Friday, October 14, 2011

Why Small Business Always Loses in the US: A Two Stage Approach

I thought of what is perhaps a better way of explaining why small businesses are consistently betrayed by both parties in our political system.

Think of passing a bill as consisting of two stages.  Stage one is deciding whether or not we'll enact a policy and its overall cost.

Stage two is apportioning that cost, whether by linking it explicitly to taxes or by indirect factors such as compliance costs.

In stage one, there is a natural alliance among business interests, they want spending to be as low as possible because they know that costs will fall disproportionally on them, for the simple fact that the money is there.  Other welfare state beneficiaries will benefit more relative to the cost of an intervention than a business owner will so they are united in their opposition to spending.

In stage two however, big business has a number of advantages over small business.  Small business knows that historically they have consistently had more of the costs fall on them, they will try to force policy to stay at stage one as long as possible in hopes of lowering the total cost of welfare state policies.  There is also a substantial coordination problem in that small business is unlikely to be able to carve out specific exceptions for its interests, they're optimal outcome is evenly distributed costs.

Big business however is in a very different situation in stage two.  They know that they have consistently been able to shift costs away from them, once they know a welfare state policy will be instituted they have every incentive to accelerate its passage in return for shifting compliance costs away from themselves and onto either small business or consumers.  Having fewer individual corporations involved makes it easier to negotiate carve-outs with welfare state supporters.  They can consistently apportion costs to other actors, so they will always defect to side with welfare state supporters in stage two.

Our political institutions serve to create substantial opportunities for these behaviors.  Civilians tend to be quite committed at stage one, they'll write their Congressmen and tend to be moderately well informed about the basics of major legislation.  However, once a bill gets into committee and reconciliation between the two chambers we tend to see policy drift away from universal provisions, which would lower the relative costs for individuals and small businesses, in favor of more specific provisions that exempt certain favored entities though tax breaks or through moving away from general provisions such as a simple auction for cap and trade in favor of giving out limited numbers of permits to key industries.  At this stage the public is uninvolved and small business rarely is able to get away from calling for lower costs overall to instead shift to bargaining in favor of equal costs for all, resulting in small business getting nothing and bearing a disproportionate share of costs since big business got its carve outs.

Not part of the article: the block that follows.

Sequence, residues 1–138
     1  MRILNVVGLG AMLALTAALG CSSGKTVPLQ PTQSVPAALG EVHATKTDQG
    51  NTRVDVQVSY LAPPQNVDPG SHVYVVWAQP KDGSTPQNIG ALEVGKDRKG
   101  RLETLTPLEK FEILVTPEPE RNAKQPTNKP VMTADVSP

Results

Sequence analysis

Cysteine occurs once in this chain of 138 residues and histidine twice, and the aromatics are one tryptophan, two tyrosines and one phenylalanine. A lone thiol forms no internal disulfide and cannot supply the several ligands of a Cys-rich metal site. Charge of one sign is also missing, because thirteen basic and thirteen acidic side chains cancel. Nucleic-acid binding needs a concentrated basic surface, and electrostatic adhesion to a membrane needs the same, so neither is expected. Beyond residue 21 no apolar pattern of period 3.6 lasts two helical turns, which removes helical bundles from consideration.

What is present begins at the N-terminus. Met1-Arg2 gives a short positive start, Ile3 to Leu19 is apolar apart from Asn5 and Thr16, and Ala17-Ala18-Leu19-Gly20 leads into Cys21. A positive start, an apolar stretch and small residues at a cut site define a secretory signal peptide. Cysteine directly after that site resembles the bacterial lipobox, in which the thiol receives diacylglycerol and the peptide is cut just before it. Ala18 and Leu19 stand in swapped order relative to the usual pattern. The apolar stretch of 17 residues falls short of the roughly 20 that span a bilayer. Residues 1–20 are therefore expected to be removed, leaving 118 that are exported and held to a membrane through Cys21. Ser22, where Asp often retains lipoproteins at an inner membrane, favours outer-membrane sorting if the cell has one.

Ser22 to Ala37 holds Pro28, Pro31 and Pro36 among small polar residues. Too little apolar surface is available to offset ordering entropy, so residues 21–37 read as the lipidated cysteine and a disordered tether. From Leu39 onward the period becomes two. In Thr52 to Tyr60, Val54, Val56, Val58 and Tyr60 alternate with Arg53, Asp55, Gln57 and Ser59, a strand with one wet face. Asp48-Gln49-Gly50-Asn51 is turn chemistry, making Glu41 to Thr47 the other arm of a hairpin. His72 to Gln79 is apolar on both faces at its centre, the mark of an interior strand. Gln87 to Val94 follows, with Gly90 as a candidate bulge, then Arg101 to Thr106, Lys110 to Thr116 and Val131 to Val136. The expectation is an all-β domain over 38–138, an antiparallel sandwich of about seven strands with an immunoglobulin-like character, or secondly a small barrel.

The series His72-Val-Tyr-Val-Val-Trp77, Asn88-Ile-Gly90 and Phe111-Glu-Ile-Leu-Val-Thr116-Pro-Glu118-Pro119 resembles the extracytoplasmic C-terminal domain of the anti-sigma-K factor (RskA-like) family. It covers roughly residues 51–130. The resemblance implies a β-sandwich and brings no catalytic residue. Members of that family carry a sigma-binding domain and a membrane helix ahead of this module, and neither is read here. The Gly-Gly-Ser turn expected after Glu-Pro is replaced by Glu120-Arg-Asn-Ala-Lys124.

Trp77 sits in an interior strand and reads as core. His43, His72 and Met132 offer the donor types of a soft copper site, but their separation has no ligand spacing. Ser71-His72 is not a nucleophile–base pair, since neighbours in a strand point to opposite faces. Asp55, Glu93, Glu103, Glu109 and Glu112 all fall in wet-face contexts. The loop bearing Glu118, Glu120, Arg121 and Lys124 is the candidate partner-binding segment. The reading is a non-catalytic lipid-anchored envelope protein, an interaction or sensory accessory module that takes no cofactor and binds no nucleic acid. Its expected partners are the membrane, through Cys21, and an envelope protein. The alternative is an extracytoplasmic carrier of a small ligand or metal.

For small business to become more competitive those that represent it in Washington will have to realize that they need to preempt big business by defecting first in favor of universal provision.  Small businesses don't have the political weight to seek business specific carve-outs, the best they can hope for is equal costs.  The incentives in favor of this are weaker on individual issues, however consistently losing in these bargains is very costly over time even if it is not in regards to specific policy losses.  This displays the limits of self-interest, however, since it is very difficult to act on long run systemic disadvantages when the relative gains/losses from individual interactions are so small.

But they add up.

[Edit: I realize this is very similar to a typical collective action problem.  The main difference I'm observing is that small business can overcome the collective action problem to oppose welfare state policies but it can't overcome the problem to negotiate welfare policies more favorable to their interests once the passage of these policies becomes inevitable.  Small business certainly does effectively organize itself to oppose laws such as the ACA and to pressure their legislators to oppose the passage of these bills, the government as a whole seems quite responsive to this particular income bracket and its interests.  However, once the horse-trading starts happening, costs are almost always shifted away from big business to fall most strongly on this group.  This corollary of the standard collective action problem is what I'm trying to tackle with these posts.]